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I have a set of data that looks like this, and I'm trying to figure out how to create a single visual representation:

 ID | Type      | Weight | Score
 1  | Financial |  10    |  100
 2  | Geo       |  35    |  23
 3  | Lifestyle |  62    |  19
 4  | Education |  99    |  65
 5  | Financial |  23    |  91
 6  | Geo       |  11    |  87
 7  | Lifestyle |  45    |  71
 8  | Education |  91    |  29

Scores and weights can both be from 0-100 with higher numbers being better. I'm going to have about 6,000 of these for a single visualization.

I want to accomplish four things:

  • we're dealing with very unsophisticated customers, so we want a representation of "ideal" scores
  • it should be obvious which points carry the most weight and which have the best scores
  • the user should be able to immediately get a sense of what the average score is for this data set, with color or magnitude or a combination
  • it should be obvious which Type of metric is bringing the score down or up

I was thinking of using a 4-quadrant circular plot (looks like a target) where each quadrant represents a different Type of metric, a score on the edge of the circle would be a 0, and a score of 100 would be dead center. A clustering around the center would indicate lots of "bullseyes", and lots of points on the outside indicate misses. But I also want to show that a bullseye is meaningless if the weight is 0, and a miss is huge if the weight is 100. Since it's a circular plot, I can use angle, distance, color, and dot size. If anyone has ideas on how to do this, I'd love to hear them.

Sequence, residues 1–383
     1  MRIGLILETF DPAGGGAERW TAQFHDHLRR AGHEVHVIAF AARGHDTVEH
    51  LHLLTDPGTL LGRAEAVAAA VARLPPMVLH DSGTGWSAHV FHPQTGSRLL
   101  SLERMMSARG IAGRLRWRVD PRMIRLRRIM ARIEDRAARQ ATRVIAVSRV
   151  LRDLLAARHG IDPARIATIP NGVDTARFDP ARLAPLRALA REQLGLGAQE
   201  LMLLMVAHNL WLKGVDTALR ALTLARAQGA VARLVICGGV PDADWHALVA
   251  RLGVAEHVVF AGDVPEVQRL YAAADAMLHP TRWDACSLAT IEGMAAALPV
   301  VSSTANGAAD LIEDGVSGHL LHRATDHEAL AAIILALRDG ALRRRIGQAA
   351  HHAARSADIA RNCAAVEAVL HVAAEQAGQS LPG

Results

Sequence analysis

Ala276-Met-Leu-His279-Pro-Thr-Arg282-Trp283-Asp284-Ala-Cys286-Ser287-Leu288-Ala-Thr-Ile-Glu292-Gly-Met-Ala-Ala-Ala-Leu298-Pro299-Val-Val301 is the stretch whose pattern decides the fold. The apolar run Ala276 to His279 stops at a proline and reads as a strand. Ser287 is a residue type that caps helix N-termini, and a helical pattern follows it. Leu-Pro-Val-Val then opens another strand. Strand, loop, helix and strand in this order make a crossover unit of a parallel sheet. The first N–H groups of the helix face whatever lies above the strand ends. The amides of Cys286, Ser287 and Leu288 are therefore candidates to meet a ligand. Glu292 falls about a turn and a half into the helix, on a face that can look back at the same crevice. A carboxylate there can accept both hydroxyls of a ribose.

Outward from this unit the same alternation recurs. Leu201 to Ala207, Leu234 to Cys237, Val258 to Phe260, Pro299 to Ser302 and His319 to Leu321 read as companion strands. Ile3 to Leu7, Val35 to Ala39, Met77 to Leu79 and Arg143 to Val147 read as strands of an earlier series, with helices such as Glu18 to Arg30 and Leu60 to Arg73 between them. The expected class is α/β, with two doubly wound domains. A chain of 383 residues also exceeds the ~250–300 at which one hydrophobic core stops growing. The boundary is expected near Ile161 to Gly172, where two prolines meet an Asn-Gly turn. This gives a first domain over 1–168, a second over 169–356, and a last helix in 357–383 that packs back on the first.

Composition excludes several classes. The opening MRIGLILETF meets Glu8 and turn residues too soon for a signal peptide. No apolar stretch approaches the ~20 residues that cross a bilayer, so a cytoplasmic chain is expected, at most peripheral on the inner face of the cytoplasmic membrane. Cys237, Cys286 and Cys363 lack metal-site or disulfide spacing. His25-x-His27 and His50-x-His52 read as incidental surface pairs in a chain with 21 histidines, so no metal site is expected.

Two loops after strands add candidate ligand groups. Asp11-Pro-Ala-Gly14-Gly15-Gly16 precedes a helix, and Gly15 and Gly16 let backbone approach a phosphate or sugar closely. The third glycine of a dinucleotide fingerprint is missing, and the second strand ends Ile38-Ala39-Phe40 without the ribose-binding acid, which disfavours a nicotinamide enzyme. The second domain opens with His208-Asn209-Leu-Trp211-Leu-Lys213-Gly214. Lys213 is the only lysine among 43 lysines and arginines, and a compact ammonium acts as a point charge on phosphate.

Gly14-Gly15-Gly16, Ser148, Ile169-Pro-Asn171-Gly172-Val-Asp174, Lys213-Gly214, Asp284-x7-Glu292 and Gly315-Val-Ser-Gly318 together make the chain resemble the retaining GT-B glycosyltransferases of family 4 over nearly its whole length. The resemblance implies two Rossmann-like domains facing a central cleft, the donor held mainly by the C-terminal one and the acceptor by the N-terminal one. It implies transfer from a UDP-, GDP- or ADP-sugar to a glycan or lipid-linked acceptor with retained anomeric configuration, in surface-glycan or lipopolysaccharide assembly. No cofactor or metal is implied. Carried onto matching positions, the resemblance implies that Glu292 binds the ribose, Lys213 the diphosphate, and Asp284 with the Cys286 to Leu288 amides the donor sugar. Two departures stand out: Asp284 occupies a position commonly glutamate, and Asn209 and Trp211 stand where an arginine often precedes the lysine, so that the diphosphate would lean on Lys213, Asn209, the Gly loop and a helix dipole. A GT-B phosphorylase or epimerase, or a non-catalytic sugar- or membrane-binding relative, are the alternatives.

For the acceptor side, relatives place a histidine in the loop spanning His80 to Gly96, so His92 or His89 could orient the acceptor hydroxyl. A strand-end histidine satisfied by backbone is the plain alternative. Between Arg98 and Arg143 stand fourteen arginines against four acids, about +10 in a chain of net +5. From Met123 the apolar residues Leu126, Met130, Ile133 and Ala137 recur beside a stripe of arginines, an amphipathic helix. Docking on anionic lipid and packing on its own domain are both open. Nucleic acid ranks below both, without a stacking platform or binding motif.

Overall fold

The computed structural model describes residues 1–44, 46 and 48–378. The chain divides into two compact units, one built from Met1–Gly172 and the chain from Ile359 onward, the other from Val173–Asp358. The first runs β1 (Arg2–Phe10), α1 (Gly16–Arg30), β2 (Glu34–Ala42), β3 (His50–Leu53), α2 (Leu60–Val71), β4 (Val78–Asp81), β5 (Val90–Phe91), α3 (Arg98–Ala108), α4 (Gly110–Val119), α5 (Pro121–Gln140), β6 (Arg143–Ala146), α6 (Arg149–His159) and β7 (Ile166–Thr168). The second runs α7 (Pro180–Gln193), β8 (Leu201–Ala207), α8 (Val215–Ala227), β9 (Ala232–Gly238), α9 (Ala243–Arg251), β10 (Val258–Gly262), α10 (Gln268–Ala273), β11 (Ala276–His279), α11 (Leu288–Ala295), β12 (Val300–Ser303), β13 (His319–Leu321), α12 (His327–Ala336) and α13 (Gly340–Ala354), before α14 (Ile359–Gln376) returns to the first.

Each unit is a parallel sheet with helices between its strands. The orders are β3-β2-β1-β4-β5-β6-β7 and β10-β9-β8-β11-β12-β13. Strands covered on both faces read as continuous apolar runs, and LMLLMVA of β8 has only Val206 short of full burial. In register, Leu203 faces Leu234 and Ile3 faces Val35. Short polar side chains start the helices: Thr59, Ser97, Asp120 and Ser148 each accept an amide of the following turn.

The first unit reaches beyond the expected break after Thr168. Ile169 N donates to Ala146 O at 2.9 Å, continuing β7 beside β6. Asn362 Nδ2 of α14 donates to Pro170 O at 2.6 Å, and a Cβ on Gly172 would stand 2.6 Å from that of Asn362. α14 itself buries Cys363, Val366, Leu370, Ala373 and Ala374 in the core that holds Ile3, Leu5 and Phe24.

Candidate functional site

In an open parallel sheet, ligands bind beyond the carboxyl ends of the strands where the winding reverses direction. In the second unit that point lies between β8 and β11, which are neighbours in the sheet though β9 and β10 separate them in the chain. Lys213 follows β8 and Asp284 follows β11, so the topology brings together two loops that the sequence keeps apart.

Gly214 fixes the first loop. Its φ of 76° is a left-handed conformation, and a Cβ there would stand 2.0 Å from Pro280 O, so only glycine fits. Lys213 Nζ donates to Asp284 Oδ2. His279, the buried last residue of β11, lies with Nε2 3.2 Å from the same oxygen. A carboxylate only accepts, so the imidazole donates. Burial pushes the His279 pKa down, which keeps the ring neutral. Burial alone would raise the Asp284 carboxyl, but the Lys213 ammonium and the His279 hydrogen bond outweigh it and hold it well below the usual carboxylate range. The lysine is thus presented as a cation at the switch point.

I'm not a data visualization expert by any stretch so if anyone has any completely different ideas, I'd love to hear them. In general, I just need advice from people who know more than I do.